BOONE — Tony Peterson is no stranger to Appalachian State football.
Peterson, who was a draft choice of the Kansas City Royals after playing baseball for a year at Delta Community College, has carved out a solid coaching career that has gone through his alma mater Marshall, Minnesota, Iowa State, Louisiana Tech and most recently East Carolina and Missouri.
The well-traveled App State offensive coordinator and quarterbacks coach got plenty of exposure to the Mountaineers when he started at quarterback at Marshall from 1986-87 and when he coached against the Mountaineers when he was an offensive coordinator with the Thundering Herd from 1991-98.
Peterson got a second look at App State when he coached the Hurd again from 2010-12.
“It was always a tough place to play and it was always a big-time game,” Peterson said. “It was a big-time rivalry.”
Peterson spent his entire coaching career on the offensive side of the line of scrimmage since he started in 1990 as a graduate assistant at Kentucky. He moves to Boone to run an Appalachian State offense that returns several key elements of a team that averaged 38.8 points per game and returns returning third-year starting quarterback Zac Thomas.
In 2019, Peterson was an offensive analyst at Missouri, the landing place for App State’s head coach and offensive coordinator Eli Drinkwitz, who was named head coach of Missouri in December.
Peterson said he was interested in coaching at App State when he heard that West Virginia native Shawn Clark was named the App State head coach in December.
“I know a lot about App all the way back from when I played at Marshall and we played in Boone a couple of times, including my senior year. It’s a great football program. It was a big-time I-AA program and now it’s one of the top programs in the country.”
Peterson joins a program that finished the 2019 season with a 13-1 record, 7-1 in the Sun Belt Conference and finished ranked 18th in the Associated Press poll. The Mountaineers beat North Carolina 34-31 and South Carolina 20-15 in road games.
App State faces Wake Forest and Wisconsin in road games in the 2020 season. Peterson has been an assistant coach at Minnesota and at Iowa State, two programs that are in Power Five conferences.
“Everything I’ve always heard about App, the coaches and how they do things there, I think it’s one of the best jobs in the state of North Carolina,” Peterson said. “I was real excited that I got an opportunity to go up there to visit with Shawn and meet with him and the offensive staff. It all worked out and we’re fired up.”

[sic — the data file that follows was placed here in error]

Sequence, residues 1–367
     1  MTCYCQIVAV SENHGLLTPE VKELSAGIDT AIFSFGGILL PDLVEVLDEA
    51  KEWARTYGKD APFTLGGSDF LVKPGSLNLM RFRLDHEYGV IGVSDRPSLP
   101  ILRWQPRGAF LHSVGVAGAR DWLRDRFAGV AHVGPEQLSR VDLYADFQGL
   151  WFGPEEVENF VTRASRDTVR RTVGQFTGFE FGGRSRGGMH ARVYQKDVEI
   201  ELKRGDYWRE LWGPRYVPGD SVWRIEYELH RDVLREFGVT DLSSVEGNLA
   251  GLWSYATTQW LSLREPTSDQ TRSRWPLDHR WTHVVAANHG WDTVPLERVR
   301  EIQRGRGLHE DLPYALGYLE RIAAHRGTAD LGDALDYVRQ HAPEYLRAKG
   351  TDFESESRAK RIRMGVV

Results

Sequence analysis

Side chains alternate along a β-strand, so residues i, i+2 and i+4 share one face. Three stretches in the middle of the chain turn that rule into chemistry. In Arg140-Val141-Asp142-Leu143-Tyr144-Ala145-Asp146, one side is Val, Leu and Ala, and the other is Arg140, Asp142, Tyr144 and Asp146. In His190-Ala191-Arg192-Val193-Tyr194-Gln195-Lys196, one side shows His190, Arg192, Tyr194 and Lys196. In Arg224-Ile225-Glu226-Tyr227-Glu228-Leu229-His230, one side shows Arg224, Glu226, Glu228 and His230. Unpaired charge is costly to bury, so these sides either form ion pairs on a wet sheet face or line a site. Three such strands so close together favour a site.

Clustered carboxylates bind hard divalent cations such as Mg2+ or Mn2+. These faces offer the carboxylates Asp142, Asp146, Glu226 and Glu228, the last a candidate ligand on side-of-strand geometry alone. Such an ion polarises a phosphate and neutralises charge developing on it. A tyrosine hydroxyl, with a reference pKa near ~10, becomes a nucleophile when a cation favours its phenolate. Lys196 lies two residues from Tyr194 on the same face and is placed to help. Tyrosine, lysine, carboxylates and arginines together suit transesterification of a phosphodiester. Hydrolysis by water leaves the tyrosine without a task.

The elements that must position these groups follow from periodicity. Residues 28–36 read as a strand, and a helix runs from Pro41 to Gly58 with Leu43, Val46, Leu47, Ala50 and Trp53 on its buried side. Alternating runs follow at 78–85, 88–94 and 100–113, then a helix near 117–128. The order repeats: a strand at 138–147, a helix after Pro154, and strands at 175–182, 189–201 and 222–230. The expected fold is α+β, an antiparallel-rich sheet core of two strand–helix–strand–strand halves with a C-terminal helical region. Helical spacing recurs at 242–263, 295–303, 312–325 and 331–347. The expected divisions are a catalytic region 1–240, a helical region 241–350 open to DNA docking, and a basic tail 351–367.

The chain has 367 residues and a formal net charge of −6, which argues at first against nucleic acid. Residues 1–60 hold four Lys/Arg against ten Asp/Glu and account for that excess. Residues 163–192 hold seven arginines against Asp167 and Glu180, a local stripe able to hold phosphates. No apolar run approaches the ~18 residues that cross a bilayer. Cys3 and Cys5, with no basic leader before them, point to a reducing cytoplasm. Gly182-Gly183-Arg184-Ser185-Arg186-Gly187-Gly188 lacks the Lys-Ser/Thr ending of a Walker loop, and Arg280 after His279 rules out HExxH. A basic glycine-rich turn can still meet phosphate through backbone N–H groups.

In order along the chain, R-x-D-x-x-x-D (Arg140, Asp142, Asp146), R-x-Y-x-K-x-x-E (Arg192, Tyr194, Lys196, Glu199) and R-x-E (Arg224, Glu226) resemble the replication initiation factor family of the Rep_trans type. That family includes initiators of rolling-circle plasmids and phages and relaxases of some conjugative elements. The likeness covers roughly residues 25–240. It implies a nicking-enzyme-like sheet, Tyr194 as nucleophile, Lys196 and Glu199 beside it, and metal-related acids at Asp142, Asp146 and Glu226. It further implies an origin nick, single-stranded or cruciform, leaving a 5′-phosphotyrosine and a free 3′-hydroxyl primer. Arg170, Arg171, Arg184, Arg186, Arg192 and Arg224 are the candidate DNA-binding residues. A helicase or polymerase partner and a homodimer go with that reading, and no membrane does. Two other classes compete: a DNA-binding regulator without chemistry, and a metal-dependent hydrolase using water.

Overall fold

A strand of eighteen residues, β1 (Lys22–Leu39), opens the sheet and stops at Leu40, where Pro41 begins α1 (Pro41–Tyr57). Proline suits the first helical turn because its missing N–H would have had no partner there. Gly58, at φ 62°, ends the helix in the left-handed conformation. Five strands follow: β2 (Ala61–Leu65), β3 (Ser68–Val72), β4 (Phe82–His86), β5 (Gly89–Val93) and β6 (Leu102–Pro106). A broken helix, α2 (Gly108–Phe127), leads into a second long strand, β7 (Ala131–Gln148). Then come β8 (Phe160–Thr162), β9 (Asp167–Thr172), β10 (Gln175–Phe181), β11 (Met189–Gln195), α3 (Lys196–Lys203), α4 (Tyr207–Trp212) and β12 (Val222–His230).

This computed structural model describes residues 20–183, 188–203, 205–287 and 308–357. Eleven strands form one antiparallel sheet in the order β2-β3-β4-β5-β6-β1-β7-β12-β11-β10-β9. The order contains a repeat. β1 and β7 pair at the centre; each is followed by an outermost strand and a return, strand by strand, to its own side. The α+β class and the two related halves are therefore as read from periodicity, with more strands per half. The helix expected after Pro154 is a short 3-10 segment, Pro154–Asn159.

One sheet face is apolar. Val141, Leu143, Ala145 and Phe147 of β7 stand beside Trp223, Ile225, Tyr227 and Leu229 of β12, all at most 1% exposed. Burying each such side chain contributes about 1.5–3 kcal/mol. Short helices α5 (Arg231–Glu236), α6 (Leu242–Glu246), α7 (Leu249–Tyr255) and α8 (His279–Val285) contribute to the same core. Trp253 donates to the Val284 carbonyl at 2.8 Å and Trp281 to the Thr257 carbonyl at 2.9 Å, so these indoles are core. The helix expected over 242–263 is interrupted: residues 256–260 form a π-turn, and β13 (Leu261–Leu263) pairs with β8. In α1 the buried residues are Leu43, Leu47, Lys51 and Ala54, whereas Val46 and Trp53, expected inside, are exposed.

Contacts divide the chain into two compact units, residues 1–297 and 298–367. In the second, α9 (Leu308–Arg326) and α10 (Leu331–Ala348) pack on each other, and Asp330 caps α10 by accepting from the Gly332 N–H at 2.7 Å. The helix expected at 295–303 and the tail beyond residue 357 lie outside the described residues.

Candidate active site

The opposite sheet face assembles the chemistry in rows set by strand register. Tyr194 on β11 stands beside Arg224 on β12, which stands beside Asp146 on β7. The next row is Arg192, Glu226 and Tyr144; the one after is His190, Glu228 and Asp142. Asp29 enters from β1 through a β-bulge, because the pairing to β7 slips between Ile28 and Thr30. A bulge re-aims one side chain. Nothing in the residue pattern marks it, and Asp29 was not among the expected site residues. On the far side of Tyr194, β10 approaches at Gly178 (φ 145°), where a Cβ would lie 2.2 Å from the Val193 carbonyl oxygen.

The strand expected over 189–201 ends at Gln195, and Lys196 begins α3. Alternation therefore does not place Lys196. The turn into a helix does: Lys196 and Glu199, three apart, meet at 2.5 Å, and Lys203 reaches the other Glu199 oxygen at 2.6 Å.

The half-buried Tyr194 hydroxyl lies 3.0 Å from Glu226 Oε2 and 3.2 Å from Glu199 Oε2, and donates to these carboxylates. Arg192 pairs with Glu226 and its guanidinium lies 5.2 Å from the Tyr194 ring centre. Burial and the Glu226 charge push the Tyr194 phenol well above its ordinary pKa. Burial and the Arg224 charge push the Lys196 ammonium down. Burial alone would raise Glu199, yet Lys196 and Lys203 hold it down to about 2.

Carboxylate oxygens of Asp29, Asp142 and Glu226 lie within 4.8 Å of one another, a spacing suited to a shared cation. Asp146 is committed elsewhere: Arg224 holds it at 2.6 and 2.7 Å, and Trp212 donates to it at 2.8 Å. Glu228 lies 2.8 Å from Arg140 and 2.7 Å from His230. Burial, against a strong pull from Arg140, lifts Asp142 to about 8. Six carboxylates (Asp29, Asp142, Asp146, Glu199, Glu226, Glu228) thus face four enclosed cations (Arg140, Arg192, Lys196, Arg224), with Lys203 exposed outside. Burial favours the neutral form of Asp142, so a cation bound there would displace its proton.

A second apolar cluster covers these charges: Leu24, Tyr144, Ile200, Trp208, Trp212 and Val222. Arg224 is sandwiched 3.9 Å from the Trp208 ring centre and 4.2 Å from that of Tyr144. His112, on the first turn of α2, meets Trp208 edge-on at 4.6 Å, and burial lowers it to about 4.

Peterson brings an offensive philosophy similar to Clark’s. Both like to use a solid running game with an accurate passing game. Both coaches also won’t hesitate to stretch the field when the chance arises.
“It’s kind of what App does,” he said. “They’ve got a great defense. They run the ball. They don’t turn it over and they don’t beat themselves.”
Peterson is also anxious to work with the players themselves. The Mountaineers had just 11 out of 15 scheduled practices, and App State returns several starters, including quarterback Zac Thomas, who is expected to be a third-year starter under his third-straight offensive coordinator. Scott Satterfield and Eli Drinkwitz, both head coaches, were the other two.
But Peterson also wants to make sure the younger players improve so they can eventually become senior leaders in the future.
“We’ve got to go out and give them the best opportunity to have the best year they’ve ever had,” Peterson said of the returning seniors. “At the same time, we have got to start developing players and we started with the first 11 practices in spring ball. We’ve got to get them ready for that next year, so it’s kind of a two-hand thing.”
Peterson felt the Mountaineers got off to a good start with developing younger players by getting 11 practices in. He pointed out that most programs were not able to do that because the COVID-19 virus caused the cancellation of all NCAA athletic activities, including practices.
“I think it went a lot better than it did for most people who only had two or three practices,” Peterson said. “If we hadn’t started spring ball when we did, we got in three-quarters of our spring, which was awesome.”
Satterfield and Drinkwitz, both head coaches and offensive coordinators while at App State, both landed head coaching position with Power Five programs. Satterfield took the head coaching position at Louisville at the end of the 2018 season and Drinkwitz became head coach at Missouri at the end of the 2019 year.
Peterson said he did not come to Appalachian State to climb the head coaching ladder, but is keeping his options open to the idea of it comes up. He realizes that he is older than several new head coaches, but feels he can take over a program despite not being in his mid 30s.
“I told Shawn that my wife are coming up and we’re coming to buy a house,” Peterson said. “We’re here to stay here for the next eight to 10 years. I’m not a guy who is not necessarily looking. If I’ve changed something or if something has come along to me, you can’t say never in this profession. But we are coming up to Boone with the intension of being there a long time.”